• If you are growing in small cells, you may need to transplant the seedlings to 3 or 4 inch pots when seedlings have at least 2 pairs of true leaves before transplanting to the garden so they have enough room to develop strong roots
  • Before planting in the garden, seedling plants need to be “hardened off”. Accustom young plants to outdoor conditions by moving them to a sheltered place outside for a week. Be sure to protect them from wind and hot sun at first. If frost threatens at night, cover or bring containers indoors, then take them out again in the morning. This hardening off process toughens the plant’s cell structure and reduces transplant shock and scalding.

Sowing Directly in the Garden:

  • Direct sow in late summer at least 12 weeks before the ground freezes.
  • Remove weeds and work organic matter into the top 6-8 inches of soil; then level and smooth.
  • Sow seeds evenly and cover with 1/4 inches of fine soil.
  • Firm the soil lightly and keep it evenly moist.
  • Seedlings will emerge in 10-20 days.

Planting in the Garden:

  • Select a location in full sun with good rich moist organic soil.
  • Prepare the bed by turning the soil under to a depth of 6-12, inches removing any debris, and lightly raking as level as possible.
  • The addition of organic matter (leaf mold, compost, well-rotted manure) benefits all gardens and is essential in recently constructed neighborhoods.
  • Plant on a cloudy day or in late afternoon to reduce transplant shock.
  • Dig a hole for each plant large enough to amply accommodate the root ball.
  • Unpot the plant and gently loosen the root ball with your hands to encourage good root growth.
  • Place the top of the root ball even with the level of the surrounding soil. Fill with soil to the top of the root ball. Press soil down firmly with your hand.
  • Use the plant tag as a location marker.
  • Thoroughly water and apply a light mulch layer on top of the soil (1-2 inches) to conserve water and reduce weeds.
  • Keep weeds under control during the growing season. Weeds compete with plants for water, space and nutrients, so control them by either cultivating often or use a mulch to prevent their germination.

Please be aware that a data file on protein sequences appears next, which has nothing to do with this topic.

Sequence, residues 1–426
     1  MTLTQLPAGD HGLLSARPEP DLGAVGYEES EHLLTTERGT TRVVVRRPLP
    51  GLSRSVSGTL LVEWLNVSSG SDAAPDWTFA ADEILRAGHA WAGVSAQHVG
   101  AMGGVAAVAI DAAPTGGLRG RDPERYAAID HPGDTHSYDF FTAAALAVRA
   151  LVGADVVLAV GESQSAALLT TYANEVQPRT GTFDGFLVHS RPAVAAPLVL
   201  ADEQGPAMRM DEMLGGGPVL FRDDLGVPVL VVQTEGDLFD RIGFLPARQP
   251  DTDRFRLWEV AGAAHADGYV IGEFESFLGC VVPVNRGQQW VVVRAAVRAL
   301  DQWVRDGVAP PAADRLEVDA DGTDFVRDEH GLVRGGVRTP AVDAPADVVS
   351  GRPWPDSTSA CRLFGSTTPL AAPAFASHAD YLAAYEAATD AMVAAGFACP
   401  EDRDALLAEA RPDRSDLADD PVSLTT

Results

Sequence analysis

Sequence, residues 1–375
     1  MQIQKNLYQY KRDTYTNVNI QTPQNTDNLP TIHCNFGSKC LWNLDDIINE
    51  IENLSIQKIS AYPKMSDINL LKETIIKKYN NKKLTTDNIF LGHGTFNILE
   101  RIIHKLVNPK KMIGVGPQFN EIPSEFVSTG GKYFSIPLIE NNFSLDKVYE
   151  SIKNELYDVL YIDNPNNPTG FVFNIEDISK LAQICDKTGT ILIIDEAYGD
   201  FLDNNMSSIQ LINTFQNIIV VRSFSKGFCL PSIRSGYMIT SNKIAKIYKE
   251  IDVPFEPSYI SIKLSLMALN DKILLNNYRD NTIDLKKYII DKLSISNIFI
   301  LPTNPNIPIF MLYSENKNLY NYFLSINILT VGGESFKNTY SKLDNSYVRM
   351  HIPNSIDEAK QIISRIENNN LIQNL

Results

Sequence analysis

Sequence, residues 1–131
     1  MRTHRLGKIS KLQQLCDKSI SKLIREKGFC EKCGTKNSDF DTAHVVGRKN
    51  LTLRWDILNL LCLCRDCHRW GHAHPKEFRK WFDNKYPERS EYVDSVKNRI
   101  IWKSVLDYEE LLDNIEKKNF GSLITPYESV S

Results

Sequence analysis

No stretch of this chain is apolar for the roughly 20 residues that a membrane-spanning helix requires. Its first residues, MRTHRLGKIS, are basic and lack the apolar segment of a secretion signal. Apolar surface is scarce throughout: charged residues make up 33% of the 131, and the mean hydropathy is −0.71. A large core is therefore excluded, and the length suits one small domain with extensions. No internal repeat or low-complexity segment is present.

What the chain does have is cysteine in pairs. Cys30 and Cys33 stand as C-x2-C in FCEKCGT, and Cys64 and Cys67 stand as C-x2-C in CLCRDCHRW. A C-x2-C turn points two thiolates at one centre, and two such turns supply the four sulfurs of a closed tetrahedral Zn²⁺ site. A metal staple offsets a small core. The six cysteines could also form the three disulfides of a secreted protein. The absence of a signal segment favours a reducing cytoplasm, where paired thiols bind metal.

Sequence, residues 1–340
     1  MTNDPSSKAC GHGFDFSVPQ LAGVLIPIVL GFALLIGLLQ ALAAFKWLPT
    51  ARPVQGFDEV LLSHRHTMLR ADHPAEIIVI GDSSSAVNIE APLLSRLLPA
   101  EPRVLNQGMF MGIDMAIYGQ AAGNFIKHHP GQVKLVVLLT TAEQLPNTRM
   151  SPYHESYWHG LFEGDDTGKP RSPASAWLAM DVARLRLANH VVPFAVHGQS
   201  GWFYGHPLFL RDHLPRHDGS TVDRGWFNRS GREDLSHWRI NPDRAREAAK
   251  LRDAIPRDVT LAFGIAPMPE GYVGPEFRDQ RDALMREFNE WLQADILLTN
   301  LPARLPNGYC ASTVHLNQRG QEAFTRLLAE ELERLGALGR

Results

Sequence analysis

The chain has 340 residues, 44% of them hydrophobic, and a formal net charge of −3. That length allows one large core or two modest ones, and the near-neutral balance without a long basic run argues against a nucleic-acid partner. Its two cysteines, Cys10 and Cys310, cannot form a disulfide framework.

• Mulches also help retain soil moisture and maintain even soil temperatures. For perennials, an organic mulch of aged bark or shredded leaves lends a natural look to the bed and will improve the soil as it breaks down in time. Always keep mulches off a plant’s stems to prevent possible rot.
  • Careful watering is essential in getting perennials off to a good start. Water thoroughly at least once a week to help new roots grow down deeply. Soil should be damp at about 1 inch below the soil surface. You can check this by sticking your finger in the soil. Water early in the morning to give all leaves enough time to dry. One inch of rain or watering per week is recommended for most perennial plants. You can check to see if you need to add water by using a rain gauge.
  • Until plants become established, some protection from extreme winds and direct, hot sunlight may be necessary. Good air movement is also important.
  • After new growth appears, a light fertilizer may be applied. Keep granular fertilizers away from the plant crown and foliage to avoid burn injury. Use low rates of a slow release fertilizer such as Garden-tone, as higher rates may encourage root rots.
  • “Deadhead”, remove spent flower heads to encourage continuous flowering and prevent seed development.
  • Remove and discard foliage after a hard frost in fall.